HONG KONG (Reuters) – Hong Kong’s metro operator opened all stations on Friday for the first time in a week ahead of another round of anti-government protests at the weekend, while the city’s legislature began its first session since protesters stormed the building in July.
A man jumps over a turnstile at Yau Ma Tei metro station, after the nearby Mong Kok was closed due to vandalism during protests, in Hong Kong, China October 9, 2019. REUTERS/Susana Vera
Pro-establishment and democratic lawmakers shouted at each other before the start of the session, heightening tensions that have spiraled following four months of often violent pro-democracy protests in the Asian financial hub.
Some lawmakers wore black masks as they sat in the chamber, with others carrying placards reading: “Police brutality still exists, how can we have a meeting?”
The wearing of face masks was banned under colonial-era emergency powers invoked by embattled Hong Kong leader Carrie Lam a week ago.
The protests have plunged the city into its worst crisis since Hong Kong returned from British to Chinese rule in 1997 and also pose the biggest popular challenge to Chinese President Xi Jinping since he came to power in 2012.
The protests began in opposition to a now-withdrawn extradition bill but have since evolved into a pro-democracy movement fanned by fears that China is encroaching on Hong Kong’s freedoms guaranteed under the “one country, two systems” formula put in place with the 1997 handover.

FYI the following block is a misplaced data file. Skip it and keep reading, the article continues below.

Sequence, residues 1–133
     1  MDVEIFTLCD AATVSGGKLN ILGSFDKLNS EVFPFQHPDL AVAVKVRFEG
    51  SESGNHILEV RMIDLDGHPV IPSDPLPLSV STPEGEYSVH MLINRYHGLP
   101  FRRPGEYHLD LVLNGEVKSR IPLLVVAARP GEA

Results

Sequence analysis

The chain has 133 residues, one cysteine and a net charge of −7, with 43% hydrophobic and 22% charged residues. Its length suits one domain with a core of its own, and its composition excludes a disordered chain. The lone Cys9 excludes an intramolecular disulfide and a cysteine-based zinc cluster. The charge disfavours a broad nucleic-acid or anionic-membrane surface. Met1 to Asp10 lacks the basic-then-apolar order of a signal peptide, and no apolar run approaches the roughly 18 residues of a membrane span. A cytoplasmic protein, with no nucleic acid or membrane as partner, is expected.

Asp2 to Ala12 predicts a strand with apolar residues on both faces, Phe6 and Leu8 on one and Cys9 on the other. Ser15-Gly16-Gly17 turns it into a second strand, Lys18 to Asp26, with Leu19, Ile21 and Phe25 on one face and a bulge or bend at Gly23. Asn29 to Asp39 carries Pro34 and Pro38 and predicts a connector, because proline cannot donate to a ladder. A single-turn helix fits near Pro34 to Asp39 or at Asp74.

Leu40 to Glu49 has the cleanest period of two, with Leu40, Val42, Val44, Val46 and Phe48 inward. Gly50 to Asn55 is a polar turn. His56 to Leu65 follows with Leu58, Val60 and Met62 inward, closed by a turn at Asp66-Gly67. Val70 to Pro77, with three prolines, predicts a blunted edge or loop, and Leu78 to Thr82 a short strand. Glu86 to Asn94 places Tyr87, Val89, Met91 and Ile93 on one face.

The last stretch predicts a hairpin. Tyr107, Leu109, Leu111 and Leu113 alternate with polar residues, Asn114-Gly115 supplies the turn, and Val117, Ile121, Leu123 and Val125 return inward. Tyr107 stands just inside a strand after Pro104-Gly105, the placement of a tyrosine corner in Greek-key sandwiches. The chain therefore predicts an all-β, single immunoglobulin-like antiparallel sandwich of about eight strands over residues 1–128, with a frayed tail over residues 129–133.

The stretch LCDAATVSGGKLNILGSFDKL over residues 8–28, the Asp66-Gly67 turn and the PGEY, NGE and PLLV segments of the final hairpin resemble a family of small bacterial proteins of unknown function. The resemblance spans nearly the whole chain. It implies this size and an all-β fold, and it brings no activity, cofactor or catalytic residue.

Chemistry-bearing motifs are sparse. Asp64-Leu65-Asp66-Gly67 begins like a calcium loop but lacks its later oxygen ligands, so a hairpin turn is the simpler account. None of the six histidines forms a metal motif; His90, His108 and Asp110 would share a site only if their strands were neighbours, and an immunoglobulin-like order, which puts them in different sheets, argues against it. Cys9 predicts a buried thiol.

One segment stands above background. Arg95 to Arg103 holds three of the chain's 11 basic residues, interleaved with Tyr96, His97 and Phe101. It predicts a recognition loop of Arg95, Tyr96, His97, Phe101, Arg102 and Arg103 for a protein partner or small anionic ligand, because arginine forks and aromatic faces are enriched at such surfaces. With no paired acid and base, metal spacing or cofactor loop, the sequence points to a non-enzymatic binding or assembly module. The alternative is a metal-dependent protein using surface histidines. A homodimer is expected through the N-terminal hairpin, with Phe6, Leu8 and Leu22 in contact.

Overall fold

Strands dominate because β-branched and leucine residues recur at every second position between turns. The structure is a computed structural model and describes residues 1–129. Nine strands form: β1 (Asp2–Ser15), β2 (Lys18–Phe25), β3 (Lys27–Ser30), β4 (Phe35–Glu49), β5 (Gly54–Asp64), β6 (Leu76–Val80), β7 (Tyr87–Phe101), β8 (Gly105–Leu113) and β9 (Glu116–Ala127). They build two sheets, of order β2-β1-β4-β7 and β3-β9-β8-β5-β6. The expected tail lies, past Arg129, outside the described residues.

China denies such claims and blames foreign countries, including Britain and the United States, for fomenting unrest.
Metro operator MTR Corp, whose network carries about 5 million passengers a day, said all lines would shut at 10 p.m. (1400 GMT) on Friday, more than 2 hours earlier than usual so more repairs could be carried out after protesters torched or trashed stations across the city.
Many stores and businesses have had to shut early due to metro closures, further hampering the city’s faltering economy as it faces its first recession in a decade.
Protesters have targeted the MTR because it has been blamed for closing stations on the government’s behalf to contain demonstrations.
The normally efficient system shut down completely last Friday following arson attacks and has operated only partially since then.
Lam introduced the emergency laws, including the ban on face masks, last Friday in an effort to quell unrest. However, the move sparked some of the worst violence since protests started.
The government said it would not take any further measures to counter violent protests and rejected rumors that mainland Chinese security forces were involved.
Shopping malls and several public facilities closed early on Thursday to avoid becoming targets of planned protests. However, there were few demonstrators, with only 60 activists gathering outside one police station.
Several demonstrations are planned in districts across the former British colony on Friday and through the weekend, protesting against issues that include perceived police brutality.
Reporting by Jessie Pang; Writing by Farah Master; Editing by Paul Tait